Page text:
Millennials are reshaping the economy, and in turn, business practices. Companies are recognizing the need to adapt to and understand these changing population trends. Marketing research can be a powerful tool employed by companies in understanding these changes and how they will impact future business success.
Born roughly between 1980 and 2000, Millennials are the first generation to have had access to the internet during their formative years. They are the most diverse and educated generation so far, with 42% identifying their ethnicity as other than Non-Hispanic white and 61% of adult Millennials having attended college or higher. Millennials now represent the largest generation in the United States, and as of 2013, comprised roughly one-third of the US population. They are collectively moving into their prime spending years with a collective annual spending power of $2.45 trillion.
Apart from being the largest, most diverse, and educated generation thus far, their upbringing has coincided with an unprecedented period of innovation and this has influenced Millennial’s expectations and how they interact with technology. While all generations experienced technological advancements, the quantity of information a finger touch away that has been available to Millennials since childhood is unparalleled.
Growing up with a device that bundles communication, entertainment, shopping, mapping, and education all in one has led Millennials to adopt new technology more quickly and expect it to work because this has been their experience.
Their affinity for technology is reshaping the retail space because of the instantly accessible product information, reviews, and price comparisons. Millennials use a mobile device at a rate of more than twice that of Non-Millennials to research products and read reviews while shopping.
The way Millennials communicate and interact with others is dramatically different from those in previous generations due to the wide spread use of cell phones and the Internet. However, this change in communication and interaction does not mean that Millennials do not value community, family, and creativity. Millennials value staying close to family and friends, having free time for recreation, and working in creative jobs. And the group they socialize most frequently is their parents.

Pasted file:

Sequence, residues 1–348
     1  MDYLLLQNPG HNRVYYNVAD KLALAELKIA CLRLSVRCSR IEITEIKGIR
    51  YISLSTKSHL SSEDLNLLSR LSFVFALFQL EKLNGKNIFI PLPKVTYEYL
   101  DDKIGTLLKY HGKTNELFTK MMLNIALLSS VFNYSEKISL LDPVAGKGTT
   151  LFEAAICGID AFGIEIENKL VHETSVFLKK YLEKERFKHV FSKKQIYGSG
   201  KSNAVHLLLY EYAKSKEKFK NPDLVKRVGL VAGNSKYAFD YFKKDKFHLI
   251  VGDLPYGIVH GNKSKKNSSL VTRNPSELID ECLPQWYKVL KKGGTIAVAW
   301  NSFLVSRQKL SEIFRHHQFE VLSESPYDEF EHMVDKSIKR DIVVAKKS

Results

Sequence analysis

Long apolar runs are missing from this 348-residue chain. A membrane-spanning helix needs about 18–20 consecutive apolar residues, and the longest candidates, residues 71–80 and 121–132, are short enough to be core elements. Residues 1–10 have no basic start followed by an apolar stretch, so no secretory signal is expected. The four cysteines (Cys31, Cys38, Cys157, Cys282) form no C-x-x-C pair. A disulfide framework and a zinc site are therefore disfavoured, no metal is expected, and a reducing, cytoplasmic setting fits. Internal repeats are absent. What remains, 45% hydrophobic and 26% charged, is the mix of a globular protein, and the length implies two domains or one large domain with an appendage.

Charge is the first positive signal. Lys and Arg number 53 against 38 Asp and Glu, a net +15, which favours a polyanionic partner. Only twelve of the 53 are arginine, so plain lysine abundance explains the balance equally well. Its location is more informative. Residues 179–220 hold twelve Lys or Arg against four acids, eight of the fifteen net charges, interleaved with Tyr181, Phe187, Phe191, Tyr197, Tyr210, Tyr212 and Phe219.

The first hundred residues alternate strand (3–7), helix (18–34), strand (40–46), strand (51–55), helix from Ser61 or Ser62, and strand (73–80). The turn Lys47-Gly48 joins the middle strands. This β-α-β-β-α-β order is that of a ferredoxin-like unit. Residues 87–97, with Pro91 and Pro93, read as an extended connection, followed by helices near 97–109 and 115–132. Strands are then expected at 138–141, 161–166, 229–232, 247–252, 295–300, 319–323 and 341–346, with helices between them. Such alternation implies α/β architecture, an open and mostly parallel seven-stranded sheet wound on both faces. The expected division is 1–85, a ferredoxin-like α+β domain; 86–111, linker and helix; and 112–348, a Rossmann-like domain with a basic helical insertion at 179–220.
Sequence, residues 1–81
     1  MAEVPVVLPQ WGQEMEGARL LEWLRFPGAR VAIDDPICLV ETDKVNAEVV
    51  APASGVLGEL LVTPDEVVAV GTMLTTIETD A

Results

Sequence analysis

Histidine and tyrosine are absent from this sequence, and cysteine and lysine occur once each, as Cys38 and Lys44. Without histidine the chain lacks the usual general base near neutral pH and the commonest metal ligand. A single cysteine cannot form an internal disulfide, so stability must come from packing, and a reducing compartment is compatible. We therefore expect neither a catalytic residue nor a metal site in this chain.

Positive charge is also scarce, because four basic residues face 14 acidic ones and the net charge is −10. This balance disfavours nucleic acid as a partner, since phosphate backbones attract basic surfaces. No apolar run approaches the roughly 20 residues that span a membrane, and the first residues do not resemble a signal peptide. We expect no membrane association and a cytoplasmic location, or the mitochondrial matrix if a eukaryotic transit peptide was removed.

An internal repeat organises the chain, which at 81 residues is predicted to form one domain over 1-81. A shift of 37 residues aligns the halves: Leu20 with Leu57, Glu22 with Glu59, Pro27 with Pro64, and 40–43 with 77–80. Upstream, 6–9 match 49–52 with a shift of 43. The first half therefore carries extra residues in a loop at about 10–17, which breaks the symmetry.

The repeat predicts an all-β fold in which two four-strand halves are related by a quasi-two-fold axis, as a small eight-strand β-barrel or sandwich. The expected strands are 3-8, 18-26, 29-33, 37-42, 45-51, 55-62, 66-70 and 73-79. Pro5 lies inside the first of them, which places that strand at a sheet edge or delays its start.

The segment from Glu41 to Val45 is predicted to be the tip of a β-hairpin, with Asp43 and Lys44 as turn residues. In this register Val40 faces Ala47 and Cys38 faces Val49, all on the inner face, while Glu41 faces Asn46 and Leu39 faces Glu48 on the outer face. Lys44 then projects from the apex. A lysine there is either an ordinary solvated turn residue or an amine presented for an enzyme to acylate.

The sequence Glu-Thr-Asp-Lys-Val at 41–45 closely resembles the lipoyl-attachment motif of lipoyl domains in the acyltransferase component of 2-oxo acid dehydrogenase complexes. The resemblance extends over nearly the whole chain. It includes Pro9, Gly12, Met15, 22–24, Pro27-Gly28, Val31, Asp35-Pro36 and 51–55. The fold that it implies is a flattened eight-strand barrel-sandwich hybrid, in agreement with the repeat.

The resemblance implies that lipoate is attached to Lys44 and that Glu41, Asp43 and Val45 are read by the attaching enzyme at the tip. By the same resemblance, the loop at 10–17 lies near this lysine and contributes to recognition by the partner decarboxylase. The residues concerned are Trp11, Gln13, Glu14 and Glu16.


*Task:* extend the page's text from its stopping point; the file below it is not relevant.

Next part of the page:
Over a third of Millennials of all ages say that they influence what products their parent’s buy, what shops and restaurants they visit, and what trips they make. As time passes, it may well be that Millennial buying patterns and attitudes will expand to other generations.
Millennials are a social generation, contrary to what many may believe, both in the online and offline worlds. Millennials are more likely than other generations to shop, dine, and travel with groups. Online, sharing on social media sites and opinionating on review sites such as Yelp and Amazon reflects a strong desire for connection. This need for connection has big implications for those who serve customers as Millennials tend to shop in groups and seek the opinions of others. More than two-thirds of Millennials do not make a major decision until they have discussed it with trusted people. Millennials regard shopping as a group activity, particularly female Millennials.
The way Millennials interact with companies is different from the interactions of other companies. Millennials enjoy collaborating with companies. In fact, almost half state that they are interested in helping companies develop future products and services. However, and most importantly, Millennials have to see that companies care about what they say.
Products and services are started by companies; they are completed by the customers. But this is not the only way that B2C interactions are changing. Outbound marketing is trending down while inbound marketing is increasing in success. Content has to be created so that Millennials feel that it was tailored for their interests, not their wallet.
As it stands, the companies that truly understand Millennials and engage with them can differentiate themselves and create vast opportunities for success. Companies and Non-Millennial Executives need to recognize the value in marketing to Millennials. Companies that fail to understand this generation will have a hard time achieving success. By employing marketing research to fine-tune customer acquisition, retention and loyalty building strategies can be improved and generational differences can be observed, quantified, and acted on. The methodologies for conducting marketing research are no different from the traditional methodologies when studying Millennials; however, as expected, digital data collection methodologies must be employed to achieve greater success.
Xavier Alvarez was born in Mexico City, raised in Louisiana, educated as a Biomedical Engineer at Tulane University, living in San Diego, bilingual, frequent traveler to many places including Mexico, reluctantly classified as a Millennial, and is a Project Manager at Q2 Insights, a research and innovation consulting firm with offices in San Diego and New Orleans. He can be reached at (760) 230-2950 ext. 4 or firstname.lastname@example.org.
This entry was posted in Trends and tagged on September 7, 2016 by brett_adm